(496g) Potential of 3D Printing in Precision Combination Therapy: A Case Study of Cardiovascular Polypills

Alayoubi, A., U.S. Food and Drug Administration
Asfari, S., U.S. Food and Drug Administration
Kopcha, M., U.S FDA
Ashraf, M., Office of Testing and Research, U.S. Food and Drug Administration
Cruz, C. N., U.S. Food and Drug Administration
Zidan, A., U.S. Food and Drug Administration
3D printing is one of the emerging manufacturing technologies that is well suited to produce precision (personalized) medicine. The unique versatility of 3D printing to engineer desired designs with specific geometry allows for achieving targeted release profiles of printed drugs. It has a high potential for individualization of drug therapy combination through the so called “Polypill printlets” by which all the drugs required for the therapy can be printed into a single dosage unit. In this regard, this presentation will highlight a case study of engineering and manufacturing a cardiovascular polypill of Metoprolol (MT) and Atorvastatin (AT) using 3D pneumatic assisted micro-extrusion (PAM) technique. The polypills were designed to provide extended release properties of MT and immediate release properties of AT. The effect of printing, geometrical and formulation parameters on breaking strength and disintegration of the polypills and release properties of the drugs will be discussed. Various designs of the polypills will be demonstrated to modulate the release rate of the drugs from the polypills. The design spaces for formulating these polypills will be discussed in terms of identifying the critical material attributes and key geometrical parameters that achieve independent release properties of both drugs from the polypills. In addition, the regulatory considerations and failure modes of the polypill printlets will be also shared.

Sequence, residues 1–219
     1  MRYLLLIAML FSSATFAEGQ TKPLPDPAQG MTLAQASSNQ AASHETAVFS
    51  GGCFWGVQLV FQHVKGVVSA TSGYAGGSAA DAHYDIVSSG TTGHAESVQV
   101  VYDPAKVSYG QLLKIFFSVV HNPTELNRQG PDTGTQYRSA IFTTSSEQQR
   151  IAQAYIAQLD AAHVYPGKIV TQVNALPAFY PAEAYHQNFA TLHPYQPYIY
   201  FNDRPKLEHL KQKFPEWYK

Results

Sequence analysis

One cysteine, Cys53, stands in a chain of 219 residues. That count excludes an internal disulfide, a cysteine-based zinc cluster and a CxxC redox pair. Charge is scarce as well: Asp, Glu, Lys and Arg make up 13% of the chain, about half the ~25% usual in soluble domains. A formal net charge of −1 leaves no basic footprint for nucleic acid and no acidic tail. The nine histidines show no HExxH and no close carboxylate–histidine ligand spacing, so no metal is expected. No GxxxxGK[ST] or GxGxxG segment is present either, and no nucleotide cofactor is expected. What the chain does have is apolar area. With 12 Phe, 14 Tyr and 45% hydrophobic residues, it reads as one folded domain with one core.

This abstract reflects the views of the presenter and should not be construed to represent FDA’s views or policies.